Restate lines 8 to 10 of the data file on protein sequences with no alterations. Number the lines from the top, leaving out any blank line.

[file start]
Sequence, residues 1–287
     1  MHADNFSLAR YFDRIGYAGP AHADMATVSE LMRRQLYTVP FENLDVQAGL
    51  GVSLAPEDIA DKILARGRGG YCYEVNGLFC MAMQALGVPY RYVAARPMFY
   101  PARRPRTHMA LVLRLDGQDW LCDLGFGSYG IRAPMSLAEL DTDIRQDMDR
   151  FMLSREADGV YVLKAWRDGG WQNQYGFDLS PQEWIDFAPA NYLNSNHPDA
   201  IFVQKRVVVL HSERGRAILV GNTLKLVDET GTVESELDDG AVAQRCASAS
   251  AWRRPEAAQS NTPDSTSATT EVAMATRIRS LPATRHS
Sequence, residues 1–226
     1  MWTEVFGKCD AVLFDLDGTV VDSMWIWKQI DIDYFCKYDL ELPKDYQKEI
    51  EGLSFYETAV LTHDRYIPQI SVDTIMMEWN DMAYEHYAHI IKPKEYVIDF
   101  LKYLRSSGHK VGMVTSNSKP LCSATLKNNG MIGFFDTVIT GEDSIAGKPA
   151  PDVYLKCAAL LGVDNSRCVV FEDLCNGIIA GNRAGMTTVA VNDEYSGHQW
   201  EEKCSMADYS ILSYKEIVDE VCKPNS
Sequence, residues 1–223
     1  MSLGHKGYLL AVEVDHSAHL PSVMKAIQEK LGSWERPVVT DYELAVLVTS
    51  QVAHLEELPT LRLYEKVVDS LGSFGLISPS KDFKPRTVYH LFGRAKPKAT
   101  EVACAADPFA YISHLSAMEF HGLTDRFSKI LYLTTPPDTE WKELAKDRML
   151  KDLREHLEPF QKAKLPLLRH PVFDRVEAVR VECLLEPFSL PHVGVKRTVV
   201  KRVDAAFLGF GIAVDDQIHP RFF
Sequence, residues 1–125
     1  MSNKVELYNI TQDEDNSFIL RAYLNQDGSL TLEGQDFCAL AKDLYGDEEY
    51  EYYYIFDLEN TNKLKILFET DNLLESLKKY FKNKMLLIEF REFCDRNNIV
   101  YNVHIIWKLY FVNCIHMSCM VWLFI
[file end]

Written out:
Sequence, residues 1–226
     1  MWTEVFGKCD AVLFDLDGTV VDSMWIWKQI DIDYFCKYDL ELPKDYQKEI
    51  EGLSFYETAV LTHDRYIPQI SVDTIMMEWN DMAYEHYAHI IKPKEYVIDF